And I do adore your hats, Miss Norma. They are the only thing that has ever made me start to wish Milchford was in Kadoria. But please don't quarrel, grown-up darlings. We all love both your maggies.
I am so sorry that I have missed such good conversation. I wish there was some way I could sneak away from my studies to spend more time here. I must admit, that I am somewhat shocked, why talking openly about kissing and veils, my goodness!! I shudder to think what is next. And the horrid disagreement between Miss Norma and Mrs. Marcilene, oh my!! I think both of your maggies are wonderful, and I just wish that I could lay my hands on a copy of either one. Unfortunately, I live on the edges of the Pit, surrounded by Pit dwellers. While our home is a proper home, we must venture out daily into the pit just to meet the basic necessities for survival. And the sad thing is, while I consider a copy of the Kadorian Ladies Home Journal or McCall's a necessity, I just can't find anything as up to date as that here in the pit. So therefore, I am dependent upon both of you wonderful ladies to bring the information that I crave here to the Cocktail Lounge. Otherwise, I'd remain ignorant for all of my days!!
Mrs. Marcilene, do you think you could provide us poor souls who are forced to live on the edges of the pit with some of your wonderful sounding recipes, as well as any other advice you can give us on running a proper home?
And dear Miss Norma, please continue with the fashion advice. All the wonderful pictures you provide us girls with are a true blessing, for if we can't find something at the fleems, then just looking at the picture, well, the more creative of us blondes can figure out how to make an item of clothing that closely resembles these marvelous fashions!!! It means so much to us out here on the edge.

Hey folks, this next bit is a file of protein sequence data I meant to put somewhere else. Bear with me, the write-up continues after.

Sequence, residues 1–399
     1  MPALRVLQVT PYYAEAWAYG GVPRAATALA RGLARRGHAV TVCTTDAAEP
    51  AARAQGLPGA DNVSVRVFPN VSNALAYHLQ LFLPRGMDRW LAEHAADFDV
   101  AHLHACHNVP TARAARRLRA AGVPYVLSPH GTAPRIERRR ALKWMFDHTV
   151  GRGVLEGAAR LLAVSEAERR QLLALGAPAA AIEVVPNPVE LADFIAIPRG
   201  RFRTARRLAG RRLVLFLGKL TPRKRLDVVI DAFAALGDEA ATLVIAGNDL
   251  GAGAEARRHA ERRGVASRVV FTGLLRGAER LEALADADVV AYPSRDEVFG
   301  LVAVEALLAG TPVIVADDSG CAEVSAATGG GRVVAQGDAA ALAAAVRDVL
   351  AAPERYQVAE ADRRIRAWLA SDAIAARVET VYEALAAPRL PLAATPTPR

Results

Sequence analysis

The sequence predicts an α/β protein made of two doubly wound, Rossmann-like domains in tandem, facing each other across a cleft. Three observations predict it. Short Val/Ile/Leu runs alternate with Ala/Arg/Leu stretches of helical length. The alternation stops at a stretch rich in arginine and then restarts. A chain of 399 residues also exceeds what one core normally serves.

And dear ladies, please, can't you come to an agreement, perhaps to agree to disagree regarding which magazine serves a more vital service? Because, the only clear answer is that they, both do (tee hee, I amaze myself sometimes with my wisdom, I almost sound brunette even!). The both serve the most vital service, just in a different way.
P.S. to Miss Norma- Miss Norma, my mind has been in a haze since we drank all that champagne. I still can't believe that the three of us managed to drink it all, and I am suffering from some strange sort of amnesia. I remember nothing at all hardly from that night, except that we looked at some magazine layouts!!! How did we manage to get home I wonder???
But really, Miss Norma's comment makes me go quite weak at the knees. "And as for the blonde's veil, we follow Rose's suggestion and lift it daintily, but with a certain practiced deliberateness, for each lovely taste.". Well, really! What an overwhelming thought, to be thus mistressfully unveiled. How utterly overpowering! How at once frightening and comforting and terribly daring. And for Miss Norma to mention it just as if she was giving instructions on how to hold one's fork or something. How can even a brunette be so - well - so brunette?